recorder.device = AVCaptureDevicePosition.Front
    recorder.videoConfiguration.size = CGSizeMake(800,800)
    recorder.delegate = self
}


override func viewDidLayoutSubviews() {
    recorder.previewView = previewView
}

The recorder.previewView setting will cause the live camera feed to show in our aptly named previewView outlet. You'll be getting an error now about ViewController not conforming to SCRecorderDelegate. We'll fix this with an extension so that our code stays neat. While we're at it, we'll write some code that controls the timer shown on the screen. Add the following below the ViewController class definition:

extension ViewController: SCRecorderDelegate {
    
    func recorder(recorder: SCRecorder, didAppendVideoSampleBufferInSession session: SCRecordSession) {
        updateTimeText(session)
    }
    
    func updateTimeText(session: SCRecordSession) {
        self.timeLabel.text = String(session.duration.seconds)
    }
}

Finally, let's fill in our actions:

@IBAction func recordButtonPress(sender: AnyObject) {
    recorder.record()
}

@IBAction func pauseButtonPress(sender: AnyObject) {
    recorder.pause()
}

@IBAction func backspaceButtonPress(sender: AnyObject) {
    if recorder.isRecording {
        recorder.pause()
        return
    }
    
    session.removeLastSegment()
    updateTimeText(session)
}

With this complete, you can now record video segments, and delete the last one with the backspace button. Currently, the only feedback is the timer, so let's implement some playback.

Playing Video

ViewController needs an SCPlayer property and some setup code in viewDidLayoutSubview, and we need to write the playButtonPress action. There's one problem though:  The code is as follows:

let player = SCPlayer()

@IBAction func playButtonPress(sender: AnyObject) {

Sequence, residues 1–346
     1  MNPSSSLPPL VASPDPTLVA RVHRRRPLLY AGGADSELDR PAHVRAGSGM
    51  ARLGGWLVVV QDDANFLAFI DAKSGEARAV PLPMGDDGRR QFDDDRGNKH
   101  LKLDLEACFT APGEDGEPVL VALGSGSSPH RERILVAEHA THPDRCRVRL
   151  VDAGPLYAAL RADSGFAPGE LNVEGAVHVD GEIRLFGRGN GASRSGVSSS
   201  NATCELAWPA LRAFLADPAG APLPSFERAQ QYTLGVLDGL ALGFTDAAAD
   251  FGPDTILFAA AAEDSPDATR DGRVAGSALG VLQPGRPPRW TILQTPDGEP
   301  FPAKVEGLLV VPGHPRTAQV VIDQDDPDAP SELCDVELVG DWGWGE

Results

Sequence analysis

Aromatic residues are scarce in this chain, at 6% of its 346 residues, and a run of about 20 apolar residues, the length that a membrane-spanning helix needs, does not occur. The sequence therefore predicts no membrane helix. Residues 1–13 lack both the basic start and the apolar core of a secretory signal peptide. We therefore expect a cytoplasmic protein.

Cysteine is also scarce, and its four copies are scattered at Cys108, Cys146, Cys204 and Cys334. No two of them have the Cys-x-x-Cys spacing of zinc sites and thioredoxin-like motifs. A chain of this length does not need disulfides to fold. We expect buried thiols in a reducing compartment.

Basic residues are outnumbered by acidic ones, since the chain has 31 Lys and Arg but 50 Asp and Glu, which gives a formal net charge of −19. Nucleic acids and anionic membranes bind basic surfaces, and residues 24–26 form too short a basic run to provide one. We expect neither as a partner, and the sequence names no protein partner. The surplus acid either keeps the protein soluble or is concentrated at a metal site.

player.play()
}

override func viewDidLayoutSubviews() {
    recorder.previewView = previewView
    
    player.setItemByAsset(session.assetRepresentingSegments())
    let playerLayer = AVPlayerLayer(player: player)
    let bounds = playbackView.bounds
    playerLayer.frame = bounds
    playbackView.layer.addSublayer(playerLayer)
}

This was very laggy on my phone though, having the two videos on the screen at once; sometimes the playback video wouldn't appear. You might want to comment out the first line of viewDidLayoutSubviews while playing around.

You should have a pretty neat app at this point. Now let's save the video you record

Saving Videos

Add an extra button to ViewController with a corresponding IBAction called saveButtonPress. The code for saveButtonPress is as follows:

@IBAction func saveButtonPress(sender: AnyObject) {
    session.mergeSegmentsUsingPreset(AVAssetExportPresetHighestQuality) { (url, error) in
        if (error == nil) {
            url?.saveToCameraRollWithCompletion({ (path, error) in
                debugPrint(path, error)
            })
        } else {
            debugPrint(error)
        }
    }
}

And that's our video-recording app done; that easy. For more details about SCRecorder, check out the github repository.



ALEXANDER
PATERSON